Sophisticated and legendary Broadway lyricist and librettist
Collaboration with Frederick Lowe became Broadway standards
* Alan Jay Lerner was also the 1985 recipient of The Johnny Mercer Award, the SHOF’s highest honor
Alan Jay Lerner's lyrics were marked by warmth and civilized urbanity, coupled with the highest order of craftsmanship. He was bom in New York on August 31, 1918 into a wealthy Manhattan family, the owners of Lerner Stores, Inc. He attended school at Bedales School in England and then Choate in Connecticut. During the summers of 1936 and 1937, he attended the Juilliard School of Music, and then graduated from Harvard College, where Leonard Bernstein was a contemporary. At Harvard he began his career in musical theater, writing for the Hasty Pudding shows. Early in his career, both Lorenz Hart and Oscar Hammerstein served as mentors.
In 1942, he met composer Frederick Loewe at the Lambs Club in New York City, beginning one of the great collaborations of the American musical theater. From the start of their partnership, Lerner wrote the books of the shows as well as the lyrics. Their first shows together, The Life of the Party (1942) and What's Up? (1943) were complete failures. Their next, The Day Before Spring (1945) did slightly better, running for five months, and included the song "You Haven't Changed At All".
In 1947 they had their first great bit, Brigadoon, which included “The Heather on the Hill”, "From This Day On", and the classic romantic ballad "Almost Like Being In Love". In.1951 came Paint Your Wagon, which included such songs as "They Call The Wind Maria", "I Talk To The Trees" and "Wandrin' Star".
Then in 1956, My Fair Lady appeared, and theater history changed. Adapted by Lerner from George Bernard Shaw's Pygmalian, if the musical loses much of Shaw's ferocity and fire, it makes up for that with a warmth and sophistication that has made My Fair Lady one of the best-loved, as well as one of the greatest, of all musicals. Lerner produced a bouquet of classic lyrics for such songs as "Why Can't The English?", "Wouldn't It Be Loverly", "With A Little Bit Of Luck", "I'm An Ordinary Man", "Just You Wait", "The Rain In Spain", " Could Have Danced All Night", "On The Street Where You Live", "You Did It", "Show Me", "Get Me To The Church On Time", "A Hymn To Him" and "I've Grown Accustomed To Her Face". The show ran for 2,717 performances in its original Broadway production (and even more in London) and has been revived on Broadway several times. The 1964 film version, with a screenplay by Lerner, won seven Oscars.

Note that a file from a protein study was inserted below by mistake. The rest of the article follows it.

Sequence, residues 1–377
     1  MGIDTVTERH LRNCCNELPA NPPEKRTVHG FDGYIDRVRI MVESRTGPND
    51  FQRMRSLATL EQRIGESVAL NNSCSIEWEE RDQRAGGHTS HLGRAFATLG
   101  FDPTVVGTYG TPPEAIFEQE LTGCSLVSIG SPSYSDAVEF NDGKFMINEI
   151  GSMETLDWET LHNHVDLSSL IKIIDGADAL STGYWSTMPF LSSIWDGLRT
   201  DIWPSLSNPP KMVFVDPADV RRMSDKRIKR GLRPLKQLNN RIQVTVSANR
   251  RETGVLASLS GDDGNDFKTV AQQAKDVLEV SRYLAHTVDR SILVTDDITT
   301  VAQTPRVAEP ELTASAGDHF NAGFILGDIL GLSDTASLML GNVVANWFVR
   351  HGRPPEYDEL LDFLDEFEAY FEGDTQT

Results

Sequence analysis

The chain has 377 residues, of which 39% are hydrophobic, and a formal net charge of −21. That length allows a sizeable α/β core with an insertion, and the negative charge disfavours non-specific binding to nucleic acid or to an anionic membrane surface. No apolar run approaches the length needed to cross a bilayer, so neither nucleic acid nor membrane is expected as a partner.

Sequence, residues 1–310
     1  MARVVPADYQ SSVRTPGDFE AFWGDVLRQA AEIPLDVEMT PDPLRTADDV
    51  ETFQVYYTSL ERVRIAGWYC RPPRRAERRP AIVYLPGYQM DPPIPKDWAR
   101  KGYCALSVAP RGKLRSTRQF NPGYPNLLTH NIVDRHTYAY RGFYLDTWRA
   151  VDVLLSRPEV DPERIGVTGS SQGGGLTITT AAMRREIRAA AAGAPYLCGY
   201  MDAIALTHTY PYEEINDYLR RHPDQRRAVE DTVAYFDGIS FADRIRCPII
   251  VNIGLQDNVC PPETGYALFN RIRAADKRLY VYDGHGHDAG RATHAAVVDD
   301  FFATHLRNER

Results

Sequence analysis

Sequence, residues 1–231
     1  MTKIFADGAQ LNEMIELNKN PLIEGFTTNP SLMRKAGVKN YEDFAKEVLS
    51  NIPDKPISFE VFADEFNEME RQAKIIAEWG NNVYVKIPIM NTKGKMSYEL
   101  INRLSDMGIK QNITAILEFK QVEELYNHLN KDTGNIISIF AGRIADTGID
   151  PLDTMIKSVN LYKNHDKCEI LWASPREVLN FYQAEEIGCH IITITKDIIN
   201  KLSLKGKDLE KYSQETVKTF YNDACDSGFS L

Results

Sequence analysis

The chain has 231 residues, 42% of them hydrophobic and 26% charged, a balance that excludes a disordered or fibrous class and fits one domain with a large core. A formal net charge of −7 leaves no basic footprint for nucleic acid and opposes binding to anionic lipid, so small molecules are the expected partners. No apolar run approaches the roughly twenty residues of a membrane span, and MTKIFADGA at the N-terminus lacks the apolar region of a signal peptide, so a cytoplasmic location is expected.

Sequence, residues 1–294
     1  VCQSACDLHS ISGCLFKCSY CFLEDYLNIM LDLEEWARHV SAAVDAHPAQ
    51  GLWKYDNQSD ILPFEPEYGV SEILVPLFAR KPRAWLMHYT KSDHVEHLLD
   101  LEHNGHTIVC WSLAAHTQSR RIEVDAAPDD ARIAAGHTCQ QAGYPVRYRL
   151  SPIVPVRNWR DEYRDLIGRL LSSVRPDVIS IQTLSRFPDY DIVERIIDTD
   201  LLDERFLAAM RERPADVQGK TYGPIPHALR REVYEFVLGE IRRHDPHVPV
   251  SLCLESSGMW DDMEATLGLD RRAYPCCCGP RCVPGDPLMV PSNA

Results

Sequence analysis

In 1958 Lerner wrote the screenplay and lyrics for the classic film musical Gigi (music again by Loewe, and directed by Vincente Minelli), which had a superb score including "Thank Heaven For Little Girls" and "I Remember It Well", and which won 9 Academy Awards, including one for Best screenplay and one for the title song.
Although they were to work together one last time on the unsuccessful 1974 film The Little Prince, their last successful collaboration came in 1960 with Camelot, a delightful score which included "I Wonder What the King is Doing Tonight", "Camelot", "The Simple Joys of Maidenhood", "How to Handle a Woman", and "If Ever I Would Leave You".
After the production of Camelot, Frederick Loewe retired from composing and Lerner began a series of new collaborations and projects. He won an Academy Award for his screenplay for An American in Paris (1951). Also in 1951,he teamed up with composer Burton Lane for the movie musical Royal Wedding, which included such songs as "You're All the World t Me" and "Too Late Now". He worked with Lane again in 1965 for the most successful of Lerner's post-Loewe musicals, On a Clear Day You Can See Forever. This show was notable for a gorgeous title song, and also "Come Back To Me". Lerner and Lane teamed up one last time in 1979 for the musical Carmelina, which, although it was failure, included the beautiful "One Last Walk Around The Garden".
Earlier in his career, he worked with Kurt Weill on the 1948 musical Love Life ("Green Up Time"). After the death of Oscar Hammerstein ll, he attempted to work with Richard Rodgers, but they proved unable to work together. In 1969 he teamed up with Andre Previn to write Coco, which starred Katherine Hepburn as Coco Chanel. And in 1976 he collaborated with Leonard Bernstein on Bernstein's last musical., the unsuccessful 1600 Pennsylvania Avenue.
It is for the musicals with Loewe that he will be longest remembered. His finest lyrics are deservedly classics. Maury Yeston, the award-winning composer and lyricist of Nine and Titanic, has said of Lerner, "He was perhaps the best we've ever had."
Alan Jay Lerner had eight wives, the last of them actress Liz Robertson, who was with him when he died of lung cancer in New York City on June 14, 1986.